As the performance proceeded, I kept moving into the depths of his rustic voice. At times I felt the pretence in the rustic tone that he seemed to skilfully project. Sometimes there was pure joy and strategy in his voice. When the performance got over, I decided to say bye to Aurko and congratulate him for his voice. Riju insisted that Sahana introduce me to Aurko and make the exchange of goodbyes a memorable and dramatic experience.

Meanwhile, everyone was busy congratulating Sahana and Aurko on the performance. It was getting difficult to get Aurko’s attention. Finally, Sahana insisted and got him to meet me. She said to him:

This is Z. Not only does she like your voice, she is madly in love with you – prochond premer pode gaise!

I stood still as Sahana uttered these words. I felt like I was shedding the robes of my 34-year old person and adorning the desires of a young girl.

Aurko, on his part, did not seem very impressed with a starry-eyed woman. He had changed his robes from an equally tentative person at 7:30 PM to that of a successful performer by 10:30 PM. His half smile shattered the initial connection we had made through our tentative-ness.

Where are you from?

Kolkatta.

You have a nice voice.

Thanks.

As we walked out to board a bus, I wondered about the identities we adorn in a city, the clothes we wear, the nakedness we feel comfortable sporting, the nakedness we hide. We are all vulnerable and sensitive. And, there are times when we turn our vulnerabilities into manipulation, our tenative-ness into sure-ity, uncertain grounds into slow and sure pathways. Yet, we will never fully know (and be sure) of the robes we adorn, the clothes we shed, what we show of ourselves and what we hide inside … … …. 

Wednesday 24th April, 12:01 PM. Shoreditch Grind, East Central London

I wasn’t sure what kind of a person to expect when I set up the meeting with Chris. I had known him in HasGeek as some sort of a rockstar speaker. One of the main reasons for this visit to London was to meet him and convince him to come to India. I had known him briefly through his photos, even more briefly through geeks around me, and rather more briefly through short email exchanges. 

I walked into the meeting with an open mind, an open heart. Somehow, this trip to London has naturally driven me to open my heart to new experiences. I walked into the Shoreditch Grind, looking for him. Had he arrived yet? I looked inside. I peeked outside. I grabbed a table and seat. Someone sitting on the opposite side seemed like him. I sent a SMS.

I am wearing a bright pink tunic. 

The man on the other side immediately looked at his phone and then looked up. I pointed my index finger at him and then to myself. We had met, at last. 

Meeting Chris was one of the most fantastic experiences of this trip. We spoke about everything under the sun: Bombay, Bangalore, London, Brighton, geeks, developer ecosystems, Indian culture, hotels, mix-ups with room bookings, squat toilets and the habit of washing the backside with water versus toilet paper. The conversation moved seamlessly and unlike the rustic tone in Aurko’s voice which was a mix of pretence, strategy and beauty, this conversation was beautiful in all aspects of its mundanity.

I have often wondered what is it about people, their spirited nature and the vibes they transmit that makes the encounter such an evocative experience. I met several people in London after the meeting with Chris. With many of them (as also with Aurko), I adorned robes of pretence, came naked in my vulnerability, loathed the outfits of (over)confidence and dwelled in the mirth of patience and understanding.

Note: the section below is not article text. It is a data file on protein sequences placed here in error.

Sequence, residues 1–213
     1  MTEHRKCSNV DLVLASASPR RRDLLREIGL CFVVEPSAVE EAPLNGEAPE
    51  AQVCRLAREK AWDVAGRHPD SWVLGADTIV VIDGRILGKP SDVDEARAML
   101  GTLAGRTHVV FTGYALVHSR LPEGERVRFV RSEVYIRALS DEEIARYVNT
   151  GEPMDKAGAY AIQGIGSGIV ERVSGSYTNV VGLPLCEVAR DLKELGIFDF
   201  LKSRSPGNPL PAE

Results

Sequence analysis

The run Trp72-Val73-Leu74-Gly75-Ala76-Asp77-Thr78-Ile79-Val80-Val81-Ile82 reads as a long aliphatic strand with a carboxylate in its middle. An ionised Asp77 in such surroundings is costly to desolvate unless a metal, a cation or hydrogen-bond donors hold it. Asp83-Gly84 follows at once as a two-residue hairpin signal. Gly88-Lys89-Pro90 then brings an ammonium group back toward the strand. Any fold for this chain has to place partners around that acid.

Chris and I hugged when we were leaving. The spirit in this exchange gave me a firmer grounding, a sense of courage to be vulnerable. I have often felt that places are about people. People make places. As I walked towards the Thistle Barbican, I also realized that my life’s endeavour has been this yearning and seeking for people. I am glad I found some folks in London.

Thursday 25th April, 7:30 PM. George Tavern Pub, East London. Actually, it was my phone!

And I also lost some people in London.

Sahana started the performance with a song about sleep - ghoom - and how someone had lost sleep over a loved one. As she sang this song, a sense of pain pierced my heart. I had hints of tears in my eyes as she moved from lyric to lyric, verse to verse, word to word. Soon after the song got over, I continued the conversation with EM, this time pointing to how relationships were transactional for him whereas I sought depth in emotions and relationships.

EM and I were trying to meet that day but I decided to forgo the meeting with him and dinner with the conference delegates, instead going to the performance.

The meeting with EM was causing me tremendous amounts of tentative-ness. I wasn’t sure what I was expecting from the meeting. I wasn’t sure whether I wanted to meet, especially after 8 years. I wasn’t sure what his expectations from me were. My heart was not at peace. But the sudden insight about transactions and depth in relationships set the course of destiny for us. It brought peace to my heart. It set his heart fluttering. He decided not to meet and let our memories, persons and journeys remain like oasis where thirsty travellers come up to but cannot get the draught of water they so very much want. I now desired to meet him, to repose the trust in our relationship. But the windows were closed and the clouds had come over.

Next day, the skies were cloudy and the rains had taken over. I could see some white clouds. I was rejoicing the vulnerability and the strength I had experienced in the space of a song, in the space of an insight. The dark skies and rainy clouds were having the effect of a romance for life, once more! 

The strength was brief, but while it lasted, I felt peace, comfort and most importantly, a song in my heart.

Dear London, has the romance for life that I once sported returned to me? Is the comfort in tentative-ness becoming  more and more manifest? Do I still have a yearning to live and know more about life?  

To London, music, Sahana, Aurko, Riju, James, Thibaut, Chris, Andy, Neha, Paul and many others.